Updated: September 30, 2022
by US Geological Survey Hawaiian Volcano Observatory scientists and affiliates
Earthquakes have been felt since late July in the Manuʻa Islands of American Samoa in the South Pacific. These earthquakes are likely associated with magmatic activity beneath the islands. The USGS Hawaiian Volcano Observatory (HVO) is working closely with federal partners, American Samoan officials, and local residents to better understand the source and potential hazard implications of these ongoing earthquakes.
Volcanoes in American Samoa are similar to those in Hawaii, with the Pacific Plate moving to the northwest over the Samoa hotspot and building submarine volcanoes that eventually emerge from the ocean as islands. These islands are the tops of large basaltic shield volcanoes rising over 15,000 feet (4,500 m) from the surrounding seafloor.
The Samoan hotspot is currently centered on Vailuluʻu seamount, which has had several historic eruptions. The Manuʻa Islands of Ofu, Olosega, and Ta‘ū—along with the main island of Tutuila—are all considered potentially active as they have erupted within the last 10,000 years.
Tutuila is the most populous island in American Samoa and is where the capital city of Pago Pago is located. The youngest dated eruption in American Samoa on land is on Tutuila and occurred approximately 1400–1700 years ago. However, numerous submarine eruptions have occurred more recently at volcanoes east of Tutuila.
The Manu‘a Islands, located about 60 miles (97 km) east of Tutuila, include Ofu, Olosega and Taʻū. Ofu and Olosega, separated by the narrow Asaga Straight, are the tops of two shield volcanoes. Taʻū, the largest of the Manuʻa group, is a shield volcano with rift zones to the northeast and northwest. In 1866, a submarine eruption formed a cone between Taʻū and Olosega.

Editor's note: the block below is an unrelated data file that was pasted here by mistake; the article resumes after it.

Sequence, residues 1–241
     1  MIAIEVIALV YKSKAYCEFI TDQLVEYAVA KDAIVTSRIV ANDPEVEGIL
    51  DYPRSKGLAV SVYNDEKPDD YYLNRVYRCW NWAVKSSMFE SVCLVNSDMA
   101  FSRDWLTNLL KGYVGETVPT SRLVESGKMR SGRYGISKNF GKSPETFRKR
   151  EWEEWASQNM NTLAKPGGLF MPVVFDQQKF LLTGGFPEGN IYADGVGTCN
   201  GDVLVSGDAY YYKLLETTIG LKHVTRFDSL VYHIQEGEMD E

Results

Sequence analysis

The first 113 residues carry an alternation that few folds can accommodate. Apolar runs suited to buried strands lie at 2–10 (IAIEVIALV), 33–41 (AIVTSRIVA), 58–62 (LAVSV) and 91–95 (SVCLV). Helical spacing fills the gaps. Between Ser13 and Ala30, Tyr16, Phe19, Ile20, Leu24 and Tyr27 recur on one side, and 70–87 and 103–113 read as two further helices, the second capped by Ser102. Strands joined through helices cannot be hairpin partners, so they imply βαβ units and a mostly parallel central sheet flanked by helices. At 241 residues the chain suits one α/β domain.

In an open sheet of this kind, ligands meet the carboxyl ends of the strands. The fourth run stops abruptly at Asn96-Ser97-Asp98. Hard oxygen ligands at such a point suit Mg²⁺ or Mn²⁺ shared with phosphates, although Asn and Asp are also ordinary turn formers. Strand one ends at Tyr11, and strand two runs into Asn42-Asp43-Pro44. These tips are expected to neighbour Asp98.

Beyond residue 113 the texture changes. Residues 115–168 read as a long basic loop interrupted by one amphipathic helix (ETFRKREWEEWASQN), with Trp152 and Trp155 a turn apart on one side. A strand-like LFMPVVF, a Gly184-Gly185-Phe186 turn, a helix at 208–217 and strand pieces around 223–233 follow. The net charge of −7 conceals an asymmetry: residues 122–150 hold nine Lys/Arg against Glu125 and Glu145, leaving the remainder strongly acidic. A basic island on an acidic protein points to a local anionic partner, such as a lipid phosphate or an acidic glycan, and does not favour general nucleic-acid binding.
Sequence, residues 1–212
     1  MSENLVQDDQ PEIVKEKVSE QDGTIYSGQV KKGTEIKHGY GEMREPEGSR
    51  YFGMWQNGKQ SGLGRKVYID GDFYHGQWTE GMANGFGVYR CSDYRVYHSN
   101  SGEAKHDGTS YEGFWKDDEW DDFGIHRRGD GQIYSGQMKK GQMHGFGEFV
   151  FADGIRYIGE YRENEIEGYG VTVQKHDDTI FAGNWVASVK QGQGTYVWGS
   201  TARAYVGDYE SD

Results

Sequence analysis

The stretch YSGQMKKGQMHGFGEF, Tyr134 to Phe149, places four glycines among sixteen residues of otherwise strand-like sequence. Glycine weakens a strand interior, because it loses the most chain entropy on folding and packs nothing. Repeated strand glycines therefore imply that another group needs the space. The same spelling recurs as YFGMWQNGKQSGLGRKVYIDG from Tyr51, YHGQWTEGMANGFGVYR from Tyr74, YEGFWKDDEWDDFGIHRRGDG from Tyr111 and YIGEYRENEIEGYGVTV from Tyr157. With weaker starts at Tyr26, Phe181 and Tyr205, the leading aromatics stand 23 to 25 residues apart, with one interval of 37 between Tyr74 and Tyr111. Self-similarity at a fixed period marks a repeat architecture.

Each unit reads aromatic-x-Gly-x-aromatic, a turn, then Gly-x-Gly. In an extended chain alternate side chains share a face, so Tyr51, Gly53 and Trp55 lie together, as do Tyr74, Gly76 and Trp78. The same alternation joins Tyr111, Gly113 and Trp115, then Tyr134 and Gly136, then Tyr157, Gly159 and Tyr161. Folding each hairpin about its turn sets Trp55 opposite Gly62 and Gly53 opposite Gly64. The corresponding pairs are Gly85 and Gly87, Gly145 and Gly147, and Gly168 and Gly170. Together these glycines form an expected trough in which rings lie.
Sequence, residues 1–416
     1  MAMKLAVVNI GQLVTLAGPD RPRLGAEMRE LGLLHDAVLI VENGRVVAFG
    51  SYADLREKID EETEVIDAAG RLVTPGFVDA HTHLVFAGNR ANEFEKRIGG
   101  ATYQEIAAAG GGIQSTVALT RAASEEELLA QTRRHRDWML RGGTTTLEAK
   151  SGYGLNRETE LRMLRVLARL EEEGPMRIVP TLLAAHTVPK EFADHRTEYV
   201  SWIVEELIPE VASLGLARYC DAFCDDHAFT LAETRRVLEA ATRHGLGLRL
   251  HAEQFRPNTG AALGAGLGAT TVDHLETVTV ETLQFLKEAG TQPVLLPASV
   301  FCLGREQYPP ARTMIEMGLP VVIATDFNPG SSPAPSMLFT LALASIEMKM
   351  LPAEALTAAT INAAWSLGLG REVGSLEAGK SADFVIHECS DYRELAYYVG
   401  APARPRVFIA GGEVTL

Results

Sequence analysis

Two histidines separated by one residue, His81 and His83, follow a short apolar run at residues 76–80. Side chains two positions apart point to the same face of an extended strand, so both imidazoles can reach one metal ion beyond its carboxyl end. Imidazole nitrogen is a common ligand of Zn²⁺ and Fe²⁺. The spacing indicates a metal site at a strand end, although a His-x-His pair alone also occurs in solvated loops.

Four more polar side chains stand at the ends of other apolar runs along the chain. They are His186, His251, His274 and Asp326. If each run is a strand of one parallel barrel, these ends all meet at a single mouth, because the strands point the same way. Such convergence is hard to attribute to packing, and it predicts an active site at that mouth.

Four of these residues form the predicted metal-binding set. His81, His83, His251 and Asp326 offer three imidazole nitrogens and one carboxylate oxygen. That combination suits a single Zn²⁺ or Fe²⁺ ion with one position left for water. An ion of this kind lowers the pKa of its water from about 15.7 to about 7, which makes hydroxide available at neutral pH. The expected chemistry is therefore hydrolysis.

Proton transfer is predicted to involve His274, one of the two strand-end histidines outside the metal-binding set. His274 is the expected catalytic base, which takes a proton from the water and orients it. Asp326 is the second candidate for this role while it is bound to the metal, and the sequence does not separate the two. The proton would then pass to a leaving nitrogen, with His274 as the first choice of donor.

The Vailuluʻu seamount, the youngest Samoan volcano, is located about 25 miles (40 km) east of Taʻū. It is a submarine volcano with a summit about 2,000 feet (600 m) below sea level. Vailuluʻu has erupted multiple times over the past 50 years. During the past twenty years, a young cone has grown within the summit caldera.
Based on felt reports and historic activity, Taʻū and Vailuluʻu were identified as likely possible sources for the recent earthquakes. It was initially difficult to confirm the source because, until a few days ago, there were no seismometers close enough to determine the distance to the source of the earthquakes.
The latest data, obtained from rapidly deployed microseismometers, indicate that the source is closer to Taʻū than Olosega and not close to Vailuluʻu. The earthquake swarm is most likely due to magma movement beneath the volcanoes and not tectonic faulting.
HVO became aware of these earthquake reports on August 7. HVO and federal partners—NOAA National Weather Service (NWS) Office in Pago Pago, NOAA Pacific Tsunami Warning Center, NOAA-IOC International Tsunami Information Center, NPS National Park of American Samoa, NOAA National Marine Sanctuary of American Samoa, and USGS National Earthquake Information Center—are working closely together with American Samoa officials to respond to this evolving situation.